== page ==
If a shopping mall doesn’t have adequate toilets for women, we explain to property owners that safer and cleaner latrines may help them attract more customers.

We know that global health is delivered by women yet led by men. And presumably this is part of the issue in WASH. What are the benefits of improving female representation in this sector?

Poor female representation is definitely a problem in WASH. In Kenya, where I’m from, nine out of ten public health officers are men and 45 of the 47 regional governors are men. If it’s only men that are leading WASH efforts, interventions won’t be as effective as they could be. That's because men cannot guess the needs of women, girls, and other groups unless they are told what these needs are.

Let's take a pregnant woman's needs, for instance. Her bladder is more loose compared to a woman that’s not pregnant. She also can't use squat toilets. How many men know that?

If we really want to commit to adequate sanitation for all, that means the pregnant woman needs to be able to access toilets where she can sit down, rather than squat toilets. And she needs to be able to access toilets quickly because of her bladder. She can’t be waiting in a long queue before she can relieve herself. But women’s requirements in WASH are diverse. There are women living with other complications like incontinence or fistula, and we need to take those into account when designing WASH programmes.

Global health is delivered by women yet led by men. Source: Women in Global Health.

What are other steps we can take to further the WASH agenda?

One of the solutions is to engage men and boys in WASH; this strategy has had remarkable success in improving sexual and reproductive health, family health, and reducing gender-based violence, among others. Some tips:

  • Re-frame men as allies. Health promotion programmes, including WASH, should frame men and boys as agents of change rather than ‘obstacles’ to gender equality.

  • Target men at the right place & at the right time. Some programmes have successfully boosted male engagement by organizing events in spaces where men gather - like tea stalls in Nepal - or events in the evenings after men finish work.

  • Give men a role without reinforcing existing gender dynamics. Men are also more likely to attend hygiene promotion activities if they are given specific leadership roles, suggests one study published by the International Rescue Committee. But WASH programs should be carefully designed to avoid reinforcing existing gender inequalities.

Unless women explain their realities to men, men won’t know what’s going on and we won’t be able to change the status quo, We need to engage men as partners to change and enablers, rather than perpetrators.

Kenya has a recent success story when it comes to menstrual hygiene. In May 2020, in the midst of Covid-19, the government launched the Menstrual Hygiene Management Policy, the first stand-alone policy of its kind on the whole continent. How was this achieved?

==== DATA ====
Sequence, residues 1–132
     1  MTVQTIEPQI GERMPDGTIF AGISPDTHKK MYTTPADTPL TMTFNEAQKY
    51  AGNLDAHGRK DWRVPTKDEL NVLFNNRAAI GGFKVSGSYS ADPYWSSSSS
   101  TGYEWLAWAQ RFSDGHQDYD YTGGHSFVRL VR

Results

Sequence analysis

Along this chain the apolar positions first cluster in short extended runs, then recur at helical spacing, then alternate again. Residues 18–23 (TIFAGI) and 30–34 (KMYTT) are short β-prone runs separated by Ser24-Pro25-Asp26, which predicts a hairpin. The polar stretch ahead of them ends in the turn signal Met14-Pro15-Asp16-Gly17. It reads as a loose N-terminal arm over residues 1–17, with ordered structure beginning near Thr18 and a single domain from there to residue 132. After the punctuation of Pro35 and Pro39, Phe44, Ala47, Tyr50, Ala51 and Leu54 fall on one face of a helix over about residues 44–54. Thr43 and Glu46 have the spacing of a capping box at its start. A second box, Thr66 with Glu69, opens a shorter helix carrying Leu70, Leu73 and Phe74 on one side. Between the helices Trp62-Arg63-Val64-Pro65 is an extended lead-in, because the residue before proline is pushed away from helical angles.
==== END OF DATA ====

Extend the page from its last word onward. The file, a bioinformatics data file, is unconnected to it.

When it comes to menstruation, it’s really important to normalize it. The moment you start speaking about it as a natural bodily function for every woman, then it's no big deal. And when women can comfortably speak about it among themselves, then they're able to discuss it with their husbands, their boyfriends, their sons, and so on. This process, however, is lengthy and challenging, also because decision-makers, most of which are men, don’t want to talk about menstruation at first. But when you start having conversations about it, they eventually have a lightbulb moment and start to appreciate the lived realities of menstruators.

In Kenya, we [WSCC] took a multi-pronged strategy to improve access to menstrual hygiene services:

  1. Societal engagement & capacity building. We trained ministry officials, civil society groups, international NGOs, and the private sector in menstrual health and hygiene. We also engaged them in the design of Kenya’s Menstrual Hygiene Management Policy.

  2. Three-angled approach. We focused on breaking the silence on mensuration by addressing stigma. We also promoted strategies for hygienic menstrual management, as well as the safe reuse and disposal of menstrual products.

  3. Innovative & cheap options for vulnerable groups. To facilitate menstrual hygiene access to vulnerable groups in informal settlements and rural communities, we raised the visibility of various Kenya-based groups that produce reusable and disposable sanitary products, such as the Zana Africa Pads.

We also took a creative approach by working very closely with the governors’ spouses in each of the 47 counties of Kenya. We trained them in menstrual health and hygiene, and they eventually became key influencers within their jurisdictions. They were also able to influence their husbands, who were in charge of budgets and decisions at the county level.

Our work contributes to the national “Beyond Zero” campaign which was set up to ensure that no mother dies during childbirth. It’s led by The First Lady of Kenya Margaret Kenyatta, the president’s wife. This campaign has yielded great results since its inception in 2014. So this also caught the eye of the president, given the campaign is spearheaded by his wife.

The bottom line. By engaging with the right stakeholders, we can speed up progress in WASH - and ensure that women, girls and other vulnerable populations can access safe sanitation and hygiene services when they need it, wherever they need it, and as comfortably as possible.

Source: UNICEF.